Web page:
COLORADO SPRINGS — A new law is opening doors for childhood sexual assault survivors.
The Child Sexual Abuse Accountability Act ends the six-year statute of limitations on reporting sexual abuse. The law creates a three-year window in which victims can bring civil claims for assaults that allegedly happened between 1960 and 2022. There is no time limit on future claims for assaults that happen after Jan. 1, 2022.
"It's meant to help those who have survived child sexual abuse to regain their voice that they had been denied for a long time. The statute of limitations caused them to not be able to seek reparations when they had been victims of this crime," said Maureen Basenberg, Executive Director of Safe Passage Children's Advocacy Center.
She says reporting isn't the first thing on the mind of a survivor.
"The first thing that is going through your mind is possibly guilt and shame. The opposite of reporting, not wanting anyone to find out, not wanting that secret to be told," said Basenberg.
Secrets that often aren't unearthed for years, sometimes decades, but the Child Sexual Abuse Accountability Act is giving survivors renewed hope in getting justice.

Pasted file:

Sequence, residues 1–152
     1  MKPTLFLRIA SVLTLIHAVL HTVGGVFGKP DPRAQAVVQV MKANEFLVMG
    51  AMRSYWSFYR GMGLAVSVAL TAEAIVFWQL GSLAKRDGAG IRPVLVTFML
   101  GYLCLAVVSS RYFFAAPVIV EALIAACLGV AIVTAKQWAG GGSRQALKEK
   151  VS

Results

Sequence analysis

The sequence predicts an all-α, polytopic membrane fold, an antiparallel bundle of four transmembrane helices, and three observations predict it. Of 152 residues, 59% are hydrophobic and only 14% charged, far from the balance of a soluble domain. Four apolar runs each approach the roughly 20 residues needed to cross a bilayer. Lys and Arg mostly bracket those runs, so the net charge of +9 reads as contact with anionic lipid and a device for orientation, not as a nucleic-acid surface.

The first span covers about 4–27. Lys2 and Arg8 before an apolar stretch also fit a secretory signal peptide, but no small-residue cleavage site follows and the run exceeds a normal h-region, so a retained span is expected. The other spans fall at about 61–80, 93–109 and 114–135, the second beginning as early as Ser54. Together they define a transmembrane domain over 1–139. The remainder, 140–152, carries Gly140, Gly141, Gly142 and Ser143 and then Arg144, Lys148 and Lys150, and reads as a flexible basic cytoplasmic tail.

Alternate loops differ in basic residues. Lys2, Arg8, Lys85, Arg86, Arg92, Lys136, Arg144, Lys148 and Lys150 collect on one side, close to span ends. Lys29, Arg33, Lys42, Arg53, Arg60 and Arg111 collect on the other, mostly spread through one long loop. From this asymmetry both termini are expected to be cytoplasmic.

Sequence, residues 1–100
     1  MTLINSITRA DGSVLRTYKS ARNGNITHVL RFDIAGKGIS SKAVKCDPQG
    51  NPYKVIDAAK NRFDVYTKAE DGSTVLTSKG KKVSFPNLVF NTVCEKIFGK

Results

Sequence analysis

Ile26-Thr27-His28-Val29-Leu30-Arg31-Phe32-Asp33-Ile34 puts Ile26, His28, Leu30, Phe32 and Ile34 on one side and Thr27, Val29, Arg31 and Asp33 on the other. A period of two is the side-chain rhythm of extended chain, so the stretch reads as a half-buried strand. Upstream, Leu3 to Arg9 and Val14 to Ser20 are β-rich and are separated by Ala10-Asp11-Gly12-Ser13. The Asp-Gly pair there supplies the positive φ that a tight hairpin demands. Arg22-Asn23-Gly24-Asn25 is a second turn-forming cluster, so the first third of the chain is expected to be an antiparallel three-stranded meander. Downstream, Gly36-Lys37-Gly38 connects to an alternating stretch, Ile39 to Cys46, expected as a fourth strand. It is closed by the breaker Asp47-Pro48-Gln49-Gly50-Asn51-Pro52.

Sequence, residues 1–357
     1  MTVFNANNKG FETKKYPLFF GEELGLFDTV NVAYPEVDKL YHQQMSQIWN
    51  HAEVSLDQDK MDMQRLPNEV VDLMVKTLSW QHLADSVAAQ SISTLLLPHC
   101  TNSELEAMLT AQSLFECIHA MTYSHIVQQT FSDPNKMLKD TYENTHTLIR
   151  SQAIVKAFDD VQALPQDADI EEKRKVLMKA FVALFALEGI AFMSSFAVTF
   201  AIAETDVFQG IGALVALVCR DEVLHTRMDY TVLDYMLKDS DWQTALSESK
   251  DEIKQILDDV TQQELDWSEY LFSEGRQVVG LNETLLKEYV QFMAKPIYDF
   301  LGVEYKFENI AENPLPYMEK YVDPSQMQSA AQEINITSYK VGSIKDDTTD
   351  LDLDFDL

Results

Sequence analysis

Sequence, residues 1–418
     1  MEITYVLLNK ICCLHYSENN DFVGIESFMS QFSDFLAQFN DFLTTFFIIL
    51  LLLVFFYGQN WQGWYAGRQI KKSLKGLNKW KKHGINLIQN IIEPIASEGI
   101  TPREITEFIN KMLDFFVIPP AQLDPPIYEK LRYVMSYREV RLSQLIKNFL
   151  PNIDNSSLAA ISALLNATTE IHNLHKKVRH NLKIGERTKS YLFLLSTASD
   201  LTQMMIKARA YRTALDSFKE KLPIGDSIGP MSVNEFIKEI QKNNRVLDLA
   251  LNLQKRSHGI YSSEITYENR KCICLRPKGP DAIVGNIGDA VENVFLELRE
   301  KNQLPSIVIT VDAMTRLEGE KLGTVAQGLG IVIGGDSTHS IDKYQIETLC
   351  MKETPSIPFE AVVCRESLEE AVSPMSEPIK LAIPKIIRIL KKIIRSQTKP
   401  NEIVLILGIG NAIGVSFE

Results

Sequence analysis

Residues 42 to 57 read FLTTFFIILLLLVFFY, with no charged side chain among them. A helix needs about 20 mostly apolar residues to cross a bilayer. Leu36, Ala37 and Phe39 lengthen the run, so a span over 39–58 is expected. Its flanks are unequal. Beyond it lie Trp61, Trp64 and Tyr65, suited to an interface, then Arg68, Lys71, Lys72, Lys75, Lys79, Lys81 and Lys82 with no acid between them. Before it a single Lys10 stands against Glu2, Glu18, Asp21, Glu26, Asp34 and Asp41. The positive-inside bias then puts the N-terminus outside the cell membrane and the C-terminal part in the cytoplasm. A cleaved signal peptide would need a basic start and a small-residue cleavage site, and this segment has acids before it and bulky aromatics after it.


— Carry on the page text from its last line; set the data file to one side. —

"It's another piece of their healing to be able to have the courage to recognize the damages in a physical manifestation of what they endured," said Basenberg.
The new law allows for people who were sexually assaulted as children to bring lawsuits against both the attacker and, in some cases, school, youth organization, or government entity.
"It puts them on notice that this stuff is what they need to be sweeping for, controlling, screening for. This is something that you're not going to be able to sweep under the rug and the statute of limitations is going to expire," said Stephen Longo, The Longo Firm.
Longo says it makes it easier for survivors to get justice for the sexual abuse. It provides a waiver for sovereign immunity for government entities involved in the abuse.
"Sovereign immunity would otherwise be in play for these cases. If you were a victim or had a civil case against the government, you would have to fight around sovereign immunity to bring your claim. What this law is saying no, the governmental entity whether it's a school or anything else is not going to be protected," said Longo.
"It should be a reminder when we look at this law, as a community it is our responsibility to take this seriously," said Basenberg.
While Safe Passage focused on children, their doors are open for adult survivors to tell their stories or volunteer to help others. Find out more information on their website.